Najib support, agreed and stands by evidence act 114A

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The Prime Minister says online freedom must “coexist with respect”, which is why his Government continues to back its amendment to the Evidence Act despite calls for the legislation to be watered down.

However, Datuk Seri Najib Razak agreed that the Government could have better explained what the Act means for internet users in Malaysia at the time it was passing through the Dewan Rakyat.

“I have always said I want the online space to be vibrant, just as I want a traditional media that is free, transparent and fair,” Najib said.

“While this changing landscape is both exhilarating and liberating, with it comes new ethical questions.”

The Evidence Act has been attacked because opponents say it removes the principle of ‘innocent until proven guilty’. The Bar Council claims that owners of a domain, device or even an internet cafe could be held responsible for what is posted online regardless of who created it.

But the Government says that is not what the revised Act is all about. Najib pointed out that the aim is to prevent those who hide until a cloak of internet anonymity from launching cowardly attacks on others – something that is presently rife in our digital society.

More importantly, it aims to thwart would-be terrorists who might otherwise think they can use the web to spread their doctrine with impunity, recruit volunteers, and undermine the security of our nation.

Najib’s robust defence of this legislation was made at the National Press Club 2012 in KL – something of a lion’s den for a Prime Minister in an election year. His refusal to budge shows a degree of courage given it would have been easy to announce tinkering changes to the Act for the sake of a few positive headlines.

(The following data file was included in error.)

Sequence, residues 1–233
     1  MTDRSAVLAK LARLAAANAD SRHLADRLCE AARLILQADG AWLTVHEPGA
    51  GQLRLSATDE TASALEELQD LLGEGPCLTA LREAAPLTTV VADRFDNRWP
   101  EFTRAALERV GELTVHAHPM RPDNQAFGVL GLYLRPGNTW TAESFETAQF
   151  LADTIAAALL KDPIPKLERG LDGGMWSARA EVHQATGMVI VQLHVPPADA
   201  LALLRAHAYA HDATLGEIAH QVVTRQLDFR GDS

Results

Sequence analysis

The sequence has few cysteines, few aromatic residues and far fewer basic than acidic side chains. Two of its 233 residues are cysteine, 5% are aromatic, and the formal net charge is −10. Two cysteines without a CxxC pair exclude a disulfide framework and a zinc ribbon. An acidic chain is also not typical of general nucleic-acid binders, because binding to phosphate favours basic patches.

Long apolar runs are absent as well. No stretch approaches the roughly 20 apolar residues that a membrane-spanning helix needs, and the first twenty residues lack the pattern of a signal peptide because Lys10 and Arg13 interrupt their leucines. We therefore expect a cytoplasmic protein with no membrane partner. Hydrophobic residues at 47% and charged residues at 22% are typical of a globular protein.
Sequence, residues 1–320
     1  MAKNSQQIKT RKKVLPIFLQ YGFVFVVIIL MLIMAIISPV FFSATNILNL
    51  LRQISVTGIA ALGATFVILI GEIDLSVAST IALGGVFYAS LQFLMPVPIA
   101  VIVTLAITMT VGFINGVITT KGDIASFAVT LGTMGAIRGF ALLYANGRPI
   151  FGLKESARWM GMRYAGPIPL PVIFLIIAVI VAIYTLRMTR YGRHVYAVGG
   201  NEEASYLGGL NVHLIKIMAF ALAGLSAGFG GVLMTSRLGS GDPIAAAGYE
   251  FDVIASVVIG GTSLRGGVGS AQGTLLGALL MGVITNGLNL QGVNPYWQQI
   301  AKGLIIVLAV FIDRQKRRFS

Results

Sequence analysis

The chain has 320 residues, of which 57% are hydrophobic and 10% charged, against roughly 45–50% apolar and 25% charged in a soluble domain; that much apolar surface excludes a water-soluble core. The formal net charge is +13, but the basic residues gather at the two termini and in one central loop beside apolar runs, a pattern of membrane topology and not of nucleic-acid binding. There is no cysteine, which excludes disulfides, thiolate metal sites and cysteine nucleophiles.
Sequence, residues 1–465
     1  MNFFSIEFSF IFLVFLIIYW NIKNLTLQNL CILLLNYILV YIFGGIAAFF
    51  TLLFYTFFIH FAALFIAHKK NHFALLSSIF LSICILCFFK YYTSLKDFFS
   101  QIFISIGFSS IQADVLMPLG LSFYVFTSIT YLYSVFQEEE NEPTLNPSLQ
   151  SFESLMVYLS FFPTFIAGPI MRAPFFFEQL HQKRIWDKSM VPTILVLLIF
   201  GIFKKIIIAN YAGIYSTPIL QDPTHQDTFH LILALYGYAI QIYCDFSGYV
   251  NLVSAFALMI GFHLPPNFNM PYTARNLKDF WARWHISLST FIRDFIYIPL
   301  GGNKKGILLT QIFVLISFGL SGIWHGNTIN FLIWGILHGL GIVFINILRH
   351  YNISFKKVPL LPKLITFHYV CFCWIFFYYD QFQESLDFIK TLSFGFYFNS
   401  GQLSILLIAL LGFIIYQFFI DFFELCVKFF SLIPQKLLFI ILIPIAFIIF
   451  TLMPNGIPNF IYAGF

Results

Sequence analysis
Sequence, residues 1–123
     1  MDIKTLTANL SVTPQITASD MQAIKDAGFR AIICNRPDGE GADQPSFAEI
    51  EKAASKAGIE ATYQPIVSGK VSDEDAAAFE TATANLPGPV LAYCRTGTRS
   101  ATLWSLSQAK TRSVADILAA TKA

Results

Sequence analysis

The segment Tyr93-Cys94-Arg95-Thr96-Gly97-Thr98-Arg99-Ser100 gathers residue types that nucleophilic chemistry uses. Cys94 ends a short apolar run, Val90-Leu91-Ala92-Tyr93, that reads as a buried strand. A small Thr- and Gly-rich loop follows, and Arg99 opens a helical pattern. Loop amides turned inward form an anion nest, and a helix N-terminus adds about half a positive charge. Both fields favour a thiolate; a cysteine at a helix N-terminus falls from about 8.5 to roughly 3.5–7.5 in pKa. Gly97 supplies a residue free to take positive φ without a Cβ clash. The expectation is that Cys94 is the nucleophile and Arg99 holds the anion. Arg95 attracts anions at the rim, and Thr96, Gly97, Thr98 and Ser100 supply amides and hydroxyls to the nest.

Fortunately for Malaysia, that’s not how Najib works.

The PM reminded the assembled journalists that his Government has already done much to liberalise the media, especially with the changes to the Printing Presses and Publications Bill this year. He could also have told them that his Government has never controlled or sought to restrict the internet, hence the numerous forums in which the cyber rakyat already launch libellous attacks and spread lies.

But for Najib, that’s just part of politics in a democracy. He understands he has to be able to take the knocks, be they fair or foul. It’s the national security imperative that makes the changes to the Evidence Act so essential.

In its own way, this legislation again highlights the difference between Najib’s Government and the Opposition. While Pakatan Rakyat comes up with ideas that contain only vote-grabbing (and financially unviable) giveaways, Najib is prepared to stick by something that is most certainly not based on short-term or populist gain.

The Evidence Act amendments weren’t introduced with votes in mind, but because they are right for the nation.

Voters might want to ask themselves if Opposition leader Datuk Seri Anwar Ibrahim would be prepared to take unpopular decisions and stand by them because they are right the nation.

The evidence so far is that Anwar would fold at the first sign of pressure. That is important to remember ahead of GE 13. – The Choice